New provisions covering the obtaining or viewing of material over the internet have been mentioned on many occasions. They update the offence of obtaining information likely to be useful to a terrorist to cover terrorist material that is just viewed or streamed over the internet, rather than downloaded to form a permanent record.

The existing “reasonable excuse” defence will apply in circumstances where a person did not know that the documents would contain terrorist material. However, the clause now seeks to extend the current offence of downloading or distributing terrorist materials to capture people who may not download but view streamed materials online. This would mean that a person who clicks online rather than downloads may be committing a terrorist offence.

The offence was meant to apply to three clicks, which has been mentioned, and even if someone did not click directly but was looking over someone else’s shoulder. In an interconnected world where social media provide the platform to meet people’s intense interest in what is going on, there is a real potential to criminalise them for their curiosity or legitimate interest in general research for journalism purposes.

Innocent people may click on links sent on Messenger but may not actually view them. For example, my inability to understand IT means that I click everything that is sent to me on my mobile phone.

Terrorist materials are categorised as tier 1, tier 2 or tier 3 and can include literature, articles and lectures by prominent personalities. They can also include videos of conflict battle scenes. Without a definitive published list of terrorist materials and personalities, how do we know whose lectures and work should not be viewed? Many people, particularly children and young people, may not know what constitutes terrorist material and may be unaware that they are committing an offence.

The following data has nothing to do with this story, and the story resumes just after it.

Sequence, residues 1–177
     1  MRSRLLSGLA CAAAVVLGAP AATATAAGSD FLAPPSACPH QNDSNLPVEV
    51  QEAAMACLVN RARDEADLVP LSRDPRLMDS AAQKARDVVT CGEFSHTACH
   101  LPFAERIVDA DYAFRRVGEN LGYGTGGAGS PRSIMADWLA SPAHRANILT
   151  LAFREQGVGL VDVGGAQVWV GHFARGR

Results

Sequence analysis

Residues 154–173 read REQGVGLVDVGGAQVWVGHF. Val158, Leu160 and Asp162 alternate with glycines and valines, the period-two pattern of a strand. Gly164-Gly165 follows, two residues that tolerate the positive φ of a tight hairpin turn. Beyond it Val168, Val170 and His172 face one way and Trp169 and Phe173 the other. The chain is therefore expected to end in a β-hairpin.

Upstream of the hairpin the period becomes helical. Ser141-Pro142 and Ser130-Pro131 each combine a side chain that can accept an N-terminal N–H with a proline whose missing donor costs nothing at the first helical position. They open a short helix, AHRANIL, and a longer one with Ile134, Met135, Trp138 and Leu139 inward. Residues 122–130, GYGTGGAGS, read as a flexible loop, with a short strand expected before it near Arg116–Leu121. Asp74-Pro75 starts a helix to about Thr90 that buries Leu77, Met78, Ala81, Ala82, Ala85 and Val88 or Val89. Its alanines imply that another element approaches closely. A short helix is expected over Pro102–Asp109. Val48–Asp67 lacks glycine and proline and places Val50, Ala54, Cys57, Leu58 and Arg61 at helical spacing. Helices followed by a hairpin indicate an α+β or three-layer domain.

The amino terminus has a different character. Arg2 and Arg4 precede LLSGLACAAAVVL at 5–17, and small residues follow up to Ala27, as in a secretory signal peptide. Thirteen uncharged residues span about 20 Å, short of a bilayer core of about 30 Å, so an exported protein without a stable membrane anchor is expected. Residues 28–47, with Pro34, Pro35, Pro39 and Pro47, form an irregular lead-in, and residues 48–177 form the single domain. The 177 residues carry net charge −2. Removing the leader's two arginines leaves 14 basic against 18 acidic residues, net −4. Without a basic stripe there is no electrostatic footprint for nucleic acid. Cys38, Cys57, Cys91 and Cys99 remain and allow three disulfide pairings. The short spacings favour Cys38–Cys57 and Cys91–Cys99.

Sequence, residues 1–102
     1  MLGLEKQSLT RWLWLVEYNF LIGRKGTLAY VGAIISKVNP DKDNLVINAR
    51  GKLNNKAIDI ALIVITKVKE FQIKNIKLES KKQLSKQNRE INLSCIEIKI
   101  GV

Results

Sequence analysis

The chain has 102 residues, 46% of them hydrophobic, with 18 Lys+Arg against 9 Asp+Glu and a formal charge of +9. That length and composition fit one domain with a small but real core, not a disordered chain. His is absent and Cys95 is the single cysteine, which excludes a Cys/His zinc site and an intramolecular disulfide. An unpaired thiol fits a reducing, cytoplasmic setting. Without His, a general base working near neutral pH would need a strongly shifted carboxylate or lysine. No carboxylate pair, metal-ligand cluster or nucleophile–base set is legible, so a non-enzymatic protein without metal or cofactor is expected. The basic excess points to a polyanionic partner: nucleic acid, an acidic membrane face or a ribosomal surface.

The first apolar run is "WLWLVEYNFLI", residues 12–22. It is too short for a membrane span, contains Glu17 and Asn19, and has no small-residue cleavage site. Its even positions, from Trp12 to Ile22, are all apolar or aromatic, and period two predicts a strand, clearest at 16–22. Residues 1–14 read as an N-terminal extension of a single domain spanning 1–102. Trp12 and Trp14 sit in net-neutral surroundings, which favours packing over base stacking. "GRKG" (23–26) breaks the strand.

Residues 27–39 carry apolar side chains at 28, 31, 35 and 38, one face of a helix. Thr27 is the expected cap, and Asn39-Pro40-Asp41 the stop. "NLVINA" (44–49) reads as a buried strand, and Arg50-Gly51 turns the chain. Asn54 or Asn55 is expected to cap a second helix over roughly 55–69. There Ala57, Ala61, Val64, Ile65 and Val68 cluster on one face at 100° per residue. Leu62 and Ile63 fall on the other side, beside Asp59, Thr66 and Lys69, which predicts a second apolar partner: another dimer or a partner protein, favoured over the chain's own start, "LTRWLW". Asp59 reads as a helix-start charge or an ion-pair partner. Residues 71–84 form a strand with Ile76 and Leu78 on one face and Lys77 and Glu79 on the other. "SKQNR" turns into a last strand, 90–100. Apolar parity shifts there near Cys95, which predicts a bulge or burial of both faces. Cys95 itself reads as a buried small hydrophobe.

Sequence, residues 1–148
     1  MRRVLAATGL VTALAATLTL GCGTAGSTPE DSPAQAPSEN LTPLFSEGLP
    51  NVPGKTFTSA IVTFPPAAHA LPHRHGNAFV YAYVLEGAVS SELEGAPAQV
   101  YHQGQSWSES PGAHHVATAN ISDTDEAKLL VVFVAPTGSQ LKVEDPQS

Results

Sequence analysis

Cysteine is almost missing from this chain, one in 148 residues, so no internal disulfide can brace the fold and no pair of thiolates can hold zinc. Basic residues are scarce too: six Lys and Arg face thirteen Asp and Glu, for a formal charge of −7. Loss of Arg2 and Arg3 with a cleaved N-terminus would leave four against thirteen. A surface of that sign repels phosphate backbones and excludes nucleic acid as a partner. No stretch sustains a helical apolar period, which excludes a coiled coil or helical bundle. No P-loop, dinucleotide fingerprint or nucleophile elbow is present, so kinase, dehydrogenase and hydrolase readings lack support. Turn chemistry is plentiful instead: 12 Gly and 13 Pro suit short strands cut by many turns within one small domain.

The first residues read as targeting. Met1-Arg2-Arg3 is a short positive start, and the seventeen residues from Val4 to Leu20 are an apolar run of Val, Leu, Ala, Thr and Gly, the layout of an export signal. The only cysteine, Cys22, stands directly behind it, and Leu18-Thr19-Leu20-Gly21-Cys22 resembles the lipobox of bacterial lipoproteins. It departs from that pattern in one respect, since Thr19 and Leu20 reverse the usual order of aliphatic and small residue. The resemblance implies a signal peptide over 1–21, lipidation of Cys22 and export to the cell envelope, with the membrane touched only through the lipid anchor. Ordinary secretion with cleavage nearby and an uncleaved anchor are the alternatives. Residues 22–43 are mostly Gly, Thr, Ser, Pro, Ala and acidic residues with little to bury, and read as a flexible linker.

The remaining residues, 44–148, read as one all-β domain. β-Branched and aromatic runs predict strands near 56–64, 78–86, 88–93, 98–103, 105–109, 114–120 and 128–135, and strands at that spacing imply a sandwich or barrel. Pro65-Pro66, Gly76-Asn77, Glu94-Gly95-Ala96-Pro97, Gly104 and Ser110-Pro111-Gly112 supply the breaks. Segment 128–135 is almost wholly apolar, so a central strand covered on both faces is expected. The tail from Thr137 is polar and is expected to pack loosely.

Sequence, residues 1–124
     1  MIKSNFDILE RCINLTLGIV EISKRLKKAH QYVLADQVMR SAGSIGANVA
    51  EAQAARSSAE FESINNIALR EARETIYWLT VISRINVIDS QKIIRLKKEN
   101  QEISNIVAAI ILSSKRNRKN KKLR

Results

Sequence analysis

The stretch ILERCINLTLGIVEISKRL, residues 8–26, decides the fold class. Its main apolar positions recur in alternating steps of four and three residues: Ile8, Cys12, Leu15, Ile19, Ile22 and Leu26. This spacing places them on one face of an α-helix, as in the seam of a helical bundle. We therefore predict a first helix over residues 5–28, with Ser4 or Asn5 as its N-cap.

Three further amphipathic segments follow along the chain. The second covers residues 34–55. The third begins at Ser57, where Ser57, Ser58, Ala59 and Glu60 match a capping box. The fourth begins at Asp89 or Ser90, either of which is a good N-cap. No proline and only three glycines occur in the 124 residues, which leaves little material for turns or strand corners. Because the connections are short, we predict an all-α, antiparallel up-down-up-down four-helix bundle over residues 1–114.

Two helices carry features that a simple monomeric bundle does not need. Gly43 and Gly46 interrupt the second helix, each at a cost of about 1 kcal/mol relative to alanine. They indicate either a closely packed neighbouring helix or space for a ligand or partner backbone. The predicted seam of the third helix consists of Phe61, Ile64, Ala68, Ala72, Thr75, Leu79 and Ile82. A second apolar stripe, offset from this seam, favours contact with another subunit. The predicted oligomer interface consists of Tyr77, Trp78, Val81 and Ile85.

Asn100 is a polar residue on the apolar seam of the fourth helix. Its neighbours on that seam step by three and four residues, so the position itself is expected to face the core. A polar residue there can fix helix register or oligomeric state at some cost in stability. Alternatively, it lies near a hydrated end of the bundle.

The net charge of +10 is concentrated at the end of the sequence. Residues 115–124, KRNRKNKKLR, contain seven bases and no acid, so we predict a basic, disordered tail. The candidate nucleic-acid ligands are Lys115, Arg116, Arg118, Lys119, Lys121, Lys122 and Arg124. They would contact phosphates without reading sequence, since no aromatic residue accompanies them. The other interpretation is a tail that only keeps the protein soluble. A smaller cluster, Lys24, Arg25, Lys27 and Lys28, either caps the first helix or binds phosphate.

For example, in communities originating from conflict zones such as Syria and Libya, viewing and sharing conflict scenes from those areas is common as they have a legitimate interest in the conflict and want to keep up to date, or their families are affected by them. Some of these viewings and materials may be deemed terrorist in nature. Even if an investigation ​takes place and no prosecution is brought, the burden of proving “reasonable excuse” will cause much distress, especially to young people.

Between 2000 and 2015 Parliament passed six counterterrorism laws; this Bill will be the seventh. Many human rights groups have argued that there are enough laws to deal with the current threats posed to the UK. At some point there will need to be a new debate and thinking around how we tackle violence with political motives, which is essentially how the law defines acts of terrorism. We can continue to enact more legislation to tackle the challenges of terrorism, but the truth is that until we work with our communities to counter the evil of terrorism, we can have as many new laws as we want and spend as much public money as we want, but we will never rid ourselves of the scourge of terrorism.

We will not be successful in meeting the challenges of terrorism until we work with all communities, as mentioned by the Baroness Sayeeda Warsi, and our communities take on the challenge of fighting terrorism with our Government. Our police and security services may need more powers, but equally important is that those powers do not erode our fundamental freedoms. Urgent thought and action is required to engage with our communities and unite them behind our fight against terrorism.

(Lord Nazir Ahmed is human rights leader and life peer in Great Britain. The contents of above articles are based on his recent speech at the House of Lords.)